Email is a go
While the move to the cloud will be a slow roll, CBP already migrated 73,000 users to the DHS email-as-a-service offering in its data centers.
Armstrong said CBP mostly completed the switch to cloud email in November and is just finishing up some of the more challenging parts of the move, such as group calendars.
One of the biggest benefits of moving email and calendar to the cloud is better governance over the tools. Armstrong said CBP employees used the email systems for long-term storage.
“We were able to have tiers of email service so everything from half a gigabyte box up to a 2-1/2 gig box to an unlimited box at different pricing. That way our customers ended up seeing what it costs per year to have a box,” he said. “Even at the high end, we end up at a little under $6 a month for a box, which we thought was pretty reasonable.”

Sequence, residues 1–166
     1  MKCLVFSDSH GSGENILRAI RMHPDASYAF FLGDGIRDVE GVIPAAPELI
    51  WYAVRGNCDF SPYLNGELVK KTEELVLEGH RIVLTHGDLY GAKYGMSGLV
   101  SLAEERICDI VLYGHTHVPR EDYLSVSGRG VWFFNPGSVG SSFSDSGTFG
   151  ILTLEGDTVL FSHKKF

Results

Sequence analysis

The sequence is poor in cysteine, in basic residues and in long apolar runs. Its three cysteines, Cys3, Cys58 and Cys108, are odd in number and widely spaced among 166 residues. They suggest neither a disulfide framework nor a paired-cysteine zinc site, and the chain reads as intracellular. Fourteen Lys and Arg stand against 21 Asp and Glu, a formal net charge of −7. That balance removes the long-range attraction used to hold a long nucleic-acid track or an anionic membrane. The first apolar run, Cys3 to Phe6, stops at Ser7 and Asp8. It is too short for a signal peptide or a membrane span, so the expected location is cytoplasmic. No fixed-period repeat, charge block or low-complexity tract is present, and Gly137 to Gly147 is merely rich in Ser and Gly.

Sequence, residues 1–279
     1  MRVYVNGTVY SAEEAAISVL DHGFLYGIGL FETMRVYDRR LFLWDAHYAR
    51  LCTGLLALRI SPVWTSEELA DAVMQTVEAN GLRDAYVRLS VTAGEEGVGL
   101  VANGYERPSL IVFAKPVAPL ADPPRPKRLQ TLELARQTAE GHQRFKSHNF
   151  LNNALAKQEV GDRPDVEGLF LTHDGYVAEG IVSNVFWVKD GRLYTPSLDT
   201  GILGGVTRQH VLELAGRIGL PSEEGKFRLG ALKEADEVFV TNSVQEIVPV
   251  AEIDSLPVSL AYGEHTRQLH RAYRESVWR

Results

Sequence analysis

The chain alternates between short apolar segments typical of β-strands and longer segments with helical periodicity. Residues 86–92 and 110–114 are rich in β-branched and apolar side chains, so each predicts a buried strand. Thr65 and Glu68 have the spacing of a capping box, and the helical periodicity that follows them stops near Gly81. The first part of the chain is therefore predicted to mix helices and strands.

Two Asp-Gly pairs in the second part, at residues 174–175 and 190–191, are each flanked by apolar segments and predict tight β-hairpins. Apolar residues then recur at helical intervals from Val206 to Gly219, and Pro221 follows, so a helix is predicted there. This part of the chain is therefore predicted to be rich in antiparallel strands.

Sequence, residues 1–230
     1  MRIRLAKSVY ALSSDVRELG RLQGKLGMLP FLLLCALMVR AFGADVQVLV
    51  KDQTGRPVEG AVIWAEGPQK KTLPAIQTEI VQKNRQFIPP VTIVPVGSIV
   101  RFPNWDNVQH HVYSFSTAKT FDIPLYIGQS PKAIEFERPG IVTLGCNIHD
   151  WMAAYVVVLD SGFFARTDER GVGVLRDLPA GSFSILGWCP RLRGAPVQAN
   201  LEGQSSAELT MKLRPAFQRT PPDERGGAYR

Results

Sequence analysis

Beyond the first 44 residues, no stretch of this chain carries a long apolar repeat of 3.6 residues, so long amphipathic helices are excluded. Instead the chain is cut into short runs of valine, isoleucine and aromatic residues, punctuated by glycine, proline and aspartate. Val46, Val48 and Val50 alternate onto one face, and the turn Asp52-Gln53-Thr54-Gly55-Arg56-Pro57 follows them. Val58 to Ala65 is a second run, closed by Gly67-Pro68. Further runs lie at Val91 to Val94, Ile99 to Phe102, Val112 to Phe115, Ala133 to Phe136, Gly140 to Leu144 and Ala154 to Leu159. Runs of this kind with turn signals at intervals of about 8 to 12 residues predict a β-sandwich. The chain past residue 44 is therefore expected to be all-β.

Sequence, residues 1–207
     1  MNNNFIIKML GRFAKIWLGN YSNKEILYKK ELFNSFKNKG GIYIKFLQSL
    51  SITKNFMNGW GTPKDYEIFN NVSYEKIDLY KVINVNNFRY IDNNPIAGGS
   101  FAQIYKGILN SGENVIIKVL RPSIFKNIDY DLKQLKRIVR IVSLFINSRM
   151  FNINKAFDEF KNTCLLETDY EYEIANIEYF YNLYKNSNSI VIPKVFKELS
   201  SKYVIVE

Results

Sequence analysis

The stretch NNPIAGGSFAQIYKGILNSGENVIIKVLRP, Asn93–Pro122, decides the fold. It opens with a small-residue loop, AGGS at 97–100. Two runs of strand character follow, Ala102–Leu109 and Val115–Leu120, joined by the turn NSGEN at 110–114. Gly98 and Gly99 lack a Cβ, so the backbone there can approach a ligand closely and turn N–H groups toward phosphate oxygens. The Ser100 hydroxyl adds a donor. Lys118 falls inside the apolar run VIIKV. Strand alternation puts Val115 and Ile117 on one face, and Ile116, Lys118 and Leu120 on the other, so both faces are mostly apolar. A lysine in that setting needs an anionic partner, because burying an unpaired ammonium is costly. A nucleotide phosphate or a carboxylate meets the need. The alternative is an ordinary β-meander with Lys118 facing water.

Armstrong’s office surveyed CBP offices and let them have a certain number of boxes at each size level based on need and use.
“There are additional services and/or capacities that offices could acquire and pay for separately. It allowed us to put a cap on what the budget is within my office for email and allow offices to meter what they want more out of their email system based on their needs and usage,” he said. “It does allow them to get more value out of it based on what dollars they have to spend.”
The move to the cloud also will let CBP make better use of mobile devices.
He said officers can check passports, license plates or Western Hemisphere Travel Initiative (WHTI) cards more quickly as well as getting cargo released at an accelerated rate.